because they value other characteristics of the school that caters their preferences. Banning for-profits would force parents to send their children to a school with which they do not share values or principles. Second, revealed preferences show that parents that send their children to for-profits consider them a better alternative than public schools. This is so because, the latter was an affordable choice and the parent chose not to do it. Third, even though we find robust evidence that, at present, non-profits perform better than for-profits; this situation could change if for-profits are banned. They could leave the market, transform themselves into entirely private schools, or continue to attend the voucher sector by becoming non-profits. Neither of these situations is recommendable. By leaving the market, students that chose the school would be forced to migrate against their will. By becoming a private school all the students that went to that school thanks to the voucher would be forced to leave. Finally, it is important to understand that the choice of being a for-profit or a nonprofit organization is not random. Administrators have different abilities and are interested in catering different types of students. Forcing a for-profit school to surrender its profit motive could be undesirable because it could force them to enter into other areas and inefficiently inflate costs. Genuine for-profits and non-profits manage their resources differently. It is not a coincidence that a large number of nonprofits belong to religious or philanthropic organizations. One must remember that Mother Teresa and Bill Gates are special precisely because they are scarce. As altruism is not at free disposal, banning for-profits does not transform administrators in altruists. Another reason why banning for-profit voucher schools is not a good idea is that the ban may impede good private schools from moving to the subsidized sector if the amount of the voucher is increased. Finally, banning the profit motive in the subsidized sector could force students to attend public schools. As Alvy Singer reminds us, given the track record of public schools in the past, it is strange to complain about its shrinking size and ask for a bigger portion.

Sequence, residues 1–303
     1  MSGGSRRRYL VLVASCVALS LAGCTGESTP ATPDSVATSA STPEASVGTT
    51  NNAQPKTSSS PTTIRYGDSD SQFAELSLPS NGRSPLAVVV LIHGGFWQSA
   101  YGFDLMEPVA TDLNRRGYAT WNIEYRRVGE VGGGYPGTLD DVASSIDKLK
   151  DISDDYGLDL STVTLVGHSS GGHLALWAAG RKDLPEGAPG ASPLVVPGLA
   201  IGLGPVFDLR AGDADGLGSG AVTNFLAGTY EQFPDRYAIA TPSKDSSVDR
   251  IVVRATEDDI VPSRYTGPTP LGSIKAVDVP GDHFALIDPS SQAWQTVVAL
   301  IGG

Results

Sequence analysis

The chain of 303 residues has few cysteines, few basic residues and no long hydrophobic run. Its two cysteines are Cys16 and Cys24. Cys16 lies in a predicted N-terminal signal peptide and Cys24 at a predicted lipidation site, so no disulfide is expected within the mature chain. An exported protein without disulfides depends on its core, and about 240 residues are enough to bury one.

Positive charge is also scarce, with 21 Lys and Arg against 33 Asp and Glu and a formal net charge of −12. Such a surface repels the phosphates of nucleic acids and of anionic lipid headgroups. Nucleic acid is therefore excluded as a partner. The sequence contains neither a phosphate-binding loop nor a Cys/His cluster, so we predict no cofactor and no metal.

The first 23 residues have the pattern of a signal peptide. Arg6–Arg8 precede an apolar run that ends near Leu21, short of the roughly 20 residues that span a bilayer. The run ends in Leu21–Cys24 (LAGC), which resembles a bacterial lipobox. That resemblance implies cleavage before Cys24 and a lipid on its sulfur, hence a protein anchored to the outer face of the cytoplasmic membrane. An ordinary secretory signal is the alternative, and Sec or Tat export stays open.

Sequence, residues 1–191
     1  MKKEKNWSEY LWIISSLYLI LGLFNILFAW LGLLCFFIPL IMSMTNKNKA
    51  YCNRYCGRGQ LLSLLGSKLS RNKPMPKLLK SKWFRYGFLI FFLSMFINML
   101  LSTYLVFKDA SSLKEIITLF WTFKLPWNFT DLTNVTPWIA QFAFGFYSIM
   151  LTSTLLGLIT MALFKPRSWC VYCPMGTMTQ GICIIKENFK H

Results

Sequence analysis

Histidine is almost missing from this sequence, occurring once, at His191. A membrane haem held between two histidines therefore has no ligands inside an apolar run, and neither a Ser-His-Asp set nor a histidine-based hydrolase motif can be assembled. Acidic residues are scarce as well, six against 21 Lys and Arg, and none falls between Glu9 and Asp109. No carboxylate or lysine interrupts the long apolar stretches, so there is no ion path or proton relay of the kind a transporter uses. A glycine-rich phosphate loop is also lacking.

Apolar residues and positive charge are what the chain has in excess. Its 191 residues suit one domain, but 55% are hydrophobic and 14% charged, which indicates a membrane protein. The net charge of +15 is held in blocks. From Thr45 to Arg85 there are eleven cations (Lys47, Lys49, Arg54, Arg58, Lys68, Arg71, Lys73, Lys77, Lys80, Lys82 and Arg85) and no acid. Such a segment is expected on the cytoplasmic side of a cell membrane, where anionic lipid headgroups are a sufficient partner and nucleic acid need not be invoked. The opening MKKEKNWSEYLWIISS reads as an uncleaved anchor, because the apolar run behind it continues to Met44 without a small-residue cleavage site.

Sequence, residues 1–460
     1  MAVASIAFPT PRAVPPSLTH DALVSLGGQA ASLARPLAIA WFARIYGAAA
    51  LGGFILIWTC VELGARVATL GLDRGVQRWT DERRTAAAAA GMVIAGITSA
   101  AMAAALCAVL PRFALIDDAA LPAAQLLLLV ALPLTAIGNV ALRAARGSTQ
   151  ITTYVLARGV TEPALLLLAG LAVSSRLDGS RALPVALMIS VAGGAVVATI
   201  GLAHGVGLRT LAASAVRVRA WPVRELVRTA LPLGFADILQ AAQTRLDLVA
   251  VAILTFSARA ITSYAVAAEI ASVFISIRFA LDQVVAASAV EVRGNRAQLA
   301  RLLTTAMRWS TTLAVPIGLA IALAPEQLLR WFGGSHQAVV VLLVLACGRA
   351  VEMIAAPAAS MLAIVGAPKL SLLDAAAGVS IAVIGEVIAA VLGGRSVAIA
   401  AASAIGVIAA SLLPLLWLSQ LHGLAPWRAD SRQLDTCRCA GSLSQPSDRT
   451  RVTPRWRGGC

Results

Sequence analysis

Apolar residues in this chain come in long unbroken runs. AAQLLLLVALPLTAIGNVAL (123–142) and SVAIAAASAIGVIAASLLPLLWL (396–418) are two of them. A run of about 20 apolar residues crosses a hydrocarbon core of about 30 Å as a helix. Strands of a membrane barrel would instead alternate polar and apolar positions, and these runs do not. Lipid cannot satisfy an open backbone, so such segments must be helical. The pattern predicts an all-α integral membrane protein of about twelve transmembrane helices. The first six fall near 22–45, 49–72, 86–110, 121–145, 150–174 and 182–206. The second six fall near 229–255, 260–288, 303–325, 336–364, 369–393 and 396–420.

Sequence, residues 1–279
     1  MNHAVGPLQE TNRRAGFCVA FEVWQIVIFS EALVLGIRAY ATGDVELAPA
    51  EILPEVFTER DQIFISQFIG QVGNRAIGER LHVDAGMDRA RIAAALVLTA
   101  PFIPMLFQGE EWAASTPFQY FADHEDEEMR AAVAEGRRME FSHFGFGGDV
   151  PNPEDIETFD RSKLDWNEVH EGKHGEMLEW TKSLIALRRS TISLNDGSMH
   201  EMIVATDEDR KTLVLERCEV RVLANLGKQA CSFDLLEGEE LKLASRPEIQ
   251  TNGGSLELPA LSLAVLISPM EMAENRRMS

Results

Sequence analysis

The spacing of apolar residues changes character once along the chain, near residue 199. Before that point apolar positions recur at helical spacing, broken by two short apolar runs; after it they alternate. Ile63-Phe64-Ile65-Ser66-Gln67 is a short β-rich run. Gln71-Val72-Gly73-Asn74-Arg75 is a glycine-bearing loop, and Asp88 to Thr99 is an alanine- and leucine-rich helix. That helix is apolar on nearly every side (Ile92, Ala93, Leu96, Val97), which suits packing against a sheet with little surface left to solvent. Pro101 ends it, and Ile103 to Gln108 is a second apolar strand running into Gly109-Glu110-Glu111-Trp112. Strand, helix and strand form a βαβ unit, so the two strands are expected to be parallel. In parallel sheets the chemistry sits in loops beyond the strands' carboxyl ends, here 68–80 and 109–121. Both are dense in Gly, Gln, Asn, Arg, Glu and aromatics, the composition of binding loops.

Chumacero, R., D. Gómez, and R. Paredes (2008), “I Would Walk 500 Miles (if it paid),” Manuscript, University of Chile. Easley, D. and M. O’Hara (1983), “The Economic Role of the Nonprofit Firm,” Bell Journal of Economics 14(2), 531-538. Holtmann, A. (1983), “A Theory of Non-Profit Firms,” Economica 50, 439-449. Hoxby, C. (1994), “Do Private Schools Provide Competition for Public Schools?,” Working Paper 4978, NBER. Hoxby, C. (2000), “Does Competition Among Public Schools Benefit Students and Taxpayers?,” American Economic Review 90 (5), 1209-1238. Hoxby, C. (2005), “Competition Among Public Schools: A Reply to Rothstein (2004),” Working Paper 11216, NBER. Hsieh, C. and M. Urquiola (2006), “The Effects of Generalized School Choice on Achievement and Stratification: Evidence from Chile’s Voucher Program,” Journal of Public Economics 90, 1477-1503. Lavy, V. (2005), “From Forced Busing to Free Choice in Public Schools: Individual and General Equilibrium Effects,” Manuscript, Hebrew University. Lott, J. (1987), “Why is Education Publicly Provided? A Critical Survey,” CATO Journal 7(2), 475-501. Lott, J. (1999), “Public Schooling, Indoctrination, and Totalitarianism,” Journal of Political Economy 107(6), S127-S157. Lott, J. (2007), Freedomnomics: Why the Free Market Works and Other HalfBaked Theories Don’t, Regnery. Paredes, R. and J. I. Pinto (2008): “¿Se Está Acabando la Educación Pública en Chile?,” Working Paper, Departamento de Ingeniería Industrial, Universidad Católica de Chile. Rose-Ackerman, S. (1987), “Ideals versus Dollars: Donors, Charity Managers, and Government Grants,” Journal of Political Economy 95(4), 810-823. Rose-Ackerman, S. (1996), “Altruism, Nonprofits, and Economic Theory,” Journal of Economic Literature 34, 701-728.